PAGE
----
So, this is my defense of Dreamcatcher. The novel, not the movie. I’m an apologist, I guess. I’ve read it twice and never had a problem with it. And both times, like most King novels, the ending is very shaky.
However, the ending of the book at the very least makes more sense than the movie’s ending. For starters, Duddits is not an alien in the book — there is a quick moment when one of the characters towards the end muses whether he could be such a thing but that’s it. Duddits’ death in the book, if memory serves, is far less dramatic. As the movie informs us as well, when we meet him as an adult, he’s extremely ill with cancer, and at the end of the book he just succumbs to his illness, having held on just long enough to protect his friends. FYI, the books ending, like a lot of King novels, takes place on what I can only describe as a metaphysical plain of existence (e.g., Under the Dome’s novel’s ending, which included, spoilers, aliens). Jonesy and Henry are mentally connected to Mr. Gray and it’s Duddits that’s holding the “reality” together. Again, very shaky stuff, but that’s King. Also, I don’t remember anything about pillows.
Regarding what makes the characters broken, it’s kind of the Dead Zone effect. In that story, Johnny received psychic visions and it tore his life apart — that’s the beauty of that novel in the way it presents a reality of someone who is psychic and how that would make them interact with the real world. That’s the characters of Dreamcatcher: they’re given this power when they’re kids and they don’t understand it but they accept it as kids do. But as they grow older and the adult world bears down on them, all of their relationships suffer — except with each other. In the novel, the hunting trip is implied as something they did a lot in their youth but that it’s currently like a crutch to all of them.
So, what’s a Dreamcatcher? My understanding was always that the four characters were essentially “bound” together from their childhood by Duddits as if in the web of a dreamcatcher, which is Duddits himself: the thing that binds them together and serves to protect them. They protected and befriended him and sharing his gifts was his way of communicating friendship — in the novel it is alluded to that he could take it away at will if he ever felt hurt by one of the characters. Duddits himself is very psychic and it is implied in the story that he saw the events of the novel coming, even if he didn’t quite understand them completely. Again, like Johnny Smith (Dead Zone), the psychic powers of this story work like image flashes: the characters can see a set of images and sometimes make connections to what they mean, but not always.
The memory warehouse isn’t quite so literal in the novel and King uses it abstractly. It’s an indirect effect from Duddits’ gift — again, as Duddits is the dreamcatcher, it’s a metaphysical field that protects Jonesy from being completely consumed by Mr. Gray. The novel explains that Mr. Gray has “infected” many beings and is puzzled why he can’t completely get rid of Jonesy’s presence. This leads to much frustration and irrational decisions on Mr. Gray’s part.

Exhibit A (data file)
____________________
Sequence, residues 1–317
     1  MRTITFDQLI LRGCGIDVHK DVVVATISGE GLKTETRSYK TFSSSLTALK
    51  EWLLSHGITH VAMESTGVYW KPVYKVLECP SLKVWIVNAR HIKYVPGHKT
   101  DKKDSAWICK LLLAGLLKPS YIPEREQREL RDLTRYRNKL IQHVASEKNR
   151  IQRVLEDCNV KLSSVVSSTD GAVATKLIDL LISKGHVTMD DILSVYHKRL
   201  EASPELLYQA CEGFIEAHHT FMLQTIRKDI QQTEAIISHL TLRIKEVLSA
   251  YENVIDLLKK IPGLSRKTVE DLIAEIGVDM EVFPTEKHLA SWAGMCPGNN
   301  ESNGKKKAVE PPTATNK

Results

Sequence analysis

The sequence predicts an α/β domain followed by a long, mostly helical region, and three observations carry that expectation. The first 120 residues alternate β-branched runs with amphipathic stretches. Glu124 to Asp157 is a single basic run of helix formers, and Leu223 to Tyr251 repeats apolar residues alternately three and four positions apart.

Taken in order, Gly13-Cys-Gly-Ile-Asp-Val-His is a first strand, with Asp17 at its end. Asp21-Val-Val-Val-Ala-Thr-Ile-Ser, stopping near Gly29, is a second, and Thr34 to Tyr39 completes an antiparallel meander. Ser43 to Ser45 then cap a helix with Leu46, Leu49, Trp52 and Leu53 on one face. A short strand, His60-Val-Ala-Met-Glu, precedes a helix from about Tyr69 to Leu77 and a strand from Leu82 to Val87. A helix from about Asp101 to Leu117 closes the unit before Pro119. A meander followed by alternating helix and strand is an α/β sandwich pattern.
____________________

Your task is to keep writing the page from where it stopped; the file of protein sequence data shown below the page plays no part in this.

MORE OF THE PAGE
There’s also a lot more cancer symbolism in the novel that the movie glazed over. All of the animals running in the beginning at the cabin, in the novel closer attention is paid to the substance on their skin, which is called Ripley (a direct reference to Alien). If it’s growing on you, it’s not a good thing at all (i.e., cancer).
But to me the best example of how the movie got everything wrong is Beaver. When I heard Jason Lee was going to play the character, I was excited — he looked, talked and acted like the Beaver in the novel already! And yet, everything in the movie is wrong. Beaver talks very peculiar in the novel, and that’s explicitly stated by his friends, who refer to his silly one-liners as “Beav-isms.” In the movie, the Beav-isms are delivered like hollow exposition that sets up nothing. Beaver was the heart of the novel and when he died, it was gut-wrenching. In the movie, he’s literally too dumb to live.
Stephen King is a confounding person. He’s disavowed many of his novels over the years, including The Tommyknockers, and has even mentioned that he thinks all of The Dark Tower books need a rewrite. As a fan, it’s very jarring to hear him talk about his own work. Especially considering that these days, he continues with shoehorning in old characters into his new books. You guys mentioned in the episode regarding the IT/Derry references — in the novel 11/22/63, there’s a scene where the main character stumbles across Bev and Richie, now in their teens, dancing with each other.
The man can’t help himself but we all still love him!
Hopefully that clarifies a lot of things but I understand there’s a lot in the movie that’s baffling, a lot of it even to me.
Again, I can only defend the novel, not the movie. Thanks guys for another great episode. As always, can’t wait for more!